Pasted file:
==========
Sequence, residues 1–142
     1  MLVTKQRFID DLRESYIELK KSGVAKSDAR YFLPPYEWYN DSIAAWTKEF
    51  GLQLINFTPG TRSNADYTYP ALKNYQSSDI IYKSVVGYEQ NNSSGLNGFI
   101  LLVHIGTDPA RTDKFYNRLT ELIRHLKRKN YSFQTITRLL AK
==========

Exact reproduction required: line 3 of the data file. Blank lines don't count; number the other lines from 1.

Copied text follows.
    51  GLQLINFTPG TRSNADYTYP ALKNYQSSDI IYKSVVGYEQ NNSSGLNGFI